Tyne and Wear HER(6918): Newcastle, Gallowgate, cockpit - Details
Newcastle, Gallowgate, cockpit
Cock-fighting was made illegal by The Cruelty to Animals Act of 1849. Some cock pits fought on illegally however - the Gallowgate pit in Newcastle was said to have been the last active pit in England, surviving until a police rais in 1874. Cock-fighting was a popular pastime throughout the eighteenth and nineteenth centuries. It was often referred to as the "Royal Sport". The pursuit had a number of notable folloers including the Duke of Cleveland and Earl of Northumberland. Contests were advertised as "Gentlemen's Subscription Mains" but the "sport" was actually popular with all classes. Established rural cock-pits were often no more than an uncovered earthwork, they were generally located in or near to villages. This feature is about 400m away from Grindon village. The pis consisted of a central fighting platform, 2.5m or more in diameter, surrounded by a shallow ditch and external bank. During the contest low boards were put on the platform to contain the birds. Three classes of birds were normally used - stags which were under one year old, cocks which were older, and blinkards or one-eyed veterans. Birds who refused to fight were known as "fugies" or "hamies". Cock-fighting became a well publicised and financially well-backed "sport". As well as the local venues, cock-fighting also took place at local race meetings, usually in the morning, followed by the horse racing in the afternoon. Events were advertised in the local press, such as the Newcastle Courant. Prizes were normally in the region of 10-20 Guineas, however there were occasions when they could be as much as 500 Guineas. Sometimes the prizes for cock-fighting were of greater value than the awards for the local horse races. By the early nineteenth century opposition against the barbarity of cock-fighting was increasing, due to improved education and a religious revival which exerted moral pressures on society. Many of the local gentry turned to other pastimes, such as fox hunting, which at the time was more politically and socially acceptable.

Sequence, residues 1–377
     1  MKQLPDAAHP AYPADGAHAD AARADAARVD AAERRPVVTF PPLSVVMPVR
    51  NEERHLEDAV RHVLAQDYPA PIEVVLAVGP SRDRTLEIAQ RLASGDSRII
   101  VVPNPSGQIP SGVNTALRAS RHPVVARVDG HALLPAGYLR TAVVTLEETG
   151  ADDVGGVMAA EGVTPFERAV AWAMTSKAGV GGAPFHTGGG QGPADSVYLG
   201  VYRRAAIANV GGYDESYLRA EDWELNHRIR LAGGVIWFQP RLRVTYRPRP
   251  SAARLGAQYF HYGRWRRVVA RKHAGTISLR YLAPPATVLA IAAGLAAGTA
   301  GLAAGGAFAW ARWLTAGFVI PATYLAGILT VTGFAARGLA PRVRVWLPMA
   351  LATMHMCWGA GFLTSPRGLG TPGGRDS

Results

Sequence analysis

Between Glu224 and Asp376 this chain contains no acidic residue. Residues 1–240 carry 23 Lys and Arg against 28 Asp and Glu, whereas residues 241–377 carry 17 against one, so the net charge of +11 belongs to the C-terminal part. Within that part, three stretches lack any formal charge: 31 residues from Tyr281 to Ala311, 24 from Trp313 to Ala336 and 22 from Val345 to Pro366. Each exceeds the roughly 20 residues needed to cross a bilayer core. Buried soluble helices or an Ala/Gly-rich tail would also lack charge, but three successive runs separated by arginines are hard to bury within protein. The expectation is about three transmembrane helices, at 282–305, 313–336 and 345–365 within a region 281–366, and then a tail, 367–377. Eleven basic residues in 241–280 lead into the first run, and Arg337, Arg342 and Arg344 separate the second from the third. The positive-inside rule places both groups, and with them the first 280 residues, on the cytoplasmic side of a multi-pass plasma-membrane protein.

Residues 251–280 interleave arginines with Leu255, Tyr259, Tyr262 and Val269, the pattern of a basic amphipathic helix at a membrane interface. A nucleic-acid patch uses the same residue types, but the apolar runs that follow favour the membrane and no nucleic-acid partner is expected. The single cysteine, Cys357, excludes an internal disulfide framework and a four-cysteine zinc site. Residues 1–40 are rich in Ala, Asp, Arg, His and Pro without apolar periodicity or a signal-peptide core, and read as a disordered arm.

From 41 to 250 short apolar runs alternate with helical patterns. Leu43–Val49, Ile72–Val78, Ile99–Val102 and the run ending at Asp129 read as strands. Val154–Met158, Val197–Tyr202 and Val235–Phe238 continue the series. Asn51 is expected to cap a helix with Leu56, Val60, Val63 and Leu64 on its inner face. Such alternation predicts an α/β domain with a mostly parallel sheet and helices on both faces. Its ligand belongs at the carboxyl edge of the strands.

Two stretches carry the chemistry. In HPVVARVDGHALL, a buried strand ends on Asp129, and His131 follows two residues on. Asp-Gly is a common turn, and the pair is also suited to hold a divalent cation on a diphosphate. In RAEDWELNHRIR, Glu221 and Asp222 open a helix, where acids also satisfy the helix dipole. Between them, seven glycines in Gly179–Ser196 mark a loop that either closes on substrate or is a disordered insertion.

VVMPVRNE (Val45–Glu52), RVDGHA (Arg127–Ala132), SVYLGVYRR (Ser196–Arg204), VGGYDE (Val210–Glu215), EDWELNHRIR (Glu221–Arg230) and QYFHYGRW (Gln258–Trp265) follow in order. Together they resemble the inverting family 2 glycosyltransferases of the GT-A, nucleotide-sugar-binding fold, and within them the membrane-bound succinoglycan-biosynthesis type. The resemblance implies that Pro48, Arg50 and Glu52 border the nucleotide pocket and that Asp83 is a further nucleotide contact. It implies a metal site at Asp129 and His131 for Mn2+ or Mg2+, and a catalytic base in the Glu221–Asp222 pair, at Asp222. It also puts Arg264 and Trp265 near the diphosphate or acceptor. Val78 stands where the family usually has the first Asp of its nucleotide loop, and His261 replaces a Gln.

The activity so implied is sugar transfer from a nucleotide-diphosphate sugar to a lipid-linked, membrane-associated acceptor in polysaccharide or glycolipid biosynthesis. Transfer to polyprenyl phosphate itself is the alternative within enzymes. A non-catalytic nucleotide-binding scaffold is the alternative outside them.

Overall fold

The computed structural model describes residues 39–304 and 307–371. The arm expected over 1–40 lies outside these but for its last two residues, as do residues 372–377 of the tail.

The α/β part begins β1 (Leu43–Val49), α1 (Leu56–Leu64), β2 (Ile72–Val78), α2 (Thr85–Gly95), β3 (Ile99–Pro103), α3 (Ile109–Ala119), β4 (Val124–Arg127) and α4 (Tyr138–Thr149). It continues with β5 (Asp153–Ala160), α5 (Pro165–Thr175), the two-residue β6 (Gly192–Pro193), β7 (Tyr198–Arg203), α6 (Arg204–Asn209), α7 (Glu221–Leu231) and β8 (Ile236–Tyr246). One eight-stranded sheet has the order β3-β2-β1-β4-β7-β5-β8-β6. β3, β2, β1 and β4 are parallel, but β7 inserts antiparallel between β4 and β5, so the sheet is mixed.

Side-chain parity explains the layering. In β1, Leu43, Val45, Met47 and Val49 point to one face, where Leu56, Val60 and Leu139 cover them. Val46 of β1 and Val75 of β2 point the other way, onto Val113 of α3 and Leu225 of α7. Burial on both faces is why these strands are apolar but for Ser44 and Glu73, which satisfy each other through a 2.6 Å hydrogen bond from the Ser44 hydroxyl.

George Jobey, 1992, Cock-fighting in Northumberland and Durham during the eighteenth and nineteenth centuries, Archaeologia Aeliana, Series 5, Vol XX, pp 1-21; P. Egan, 1832, Newcastle may challenge the world for cocking in Book of Sports; Pearson, Lynn, 2010, Played in Tyne and Wear - Charting the heritage of people at play, p 11, 128-129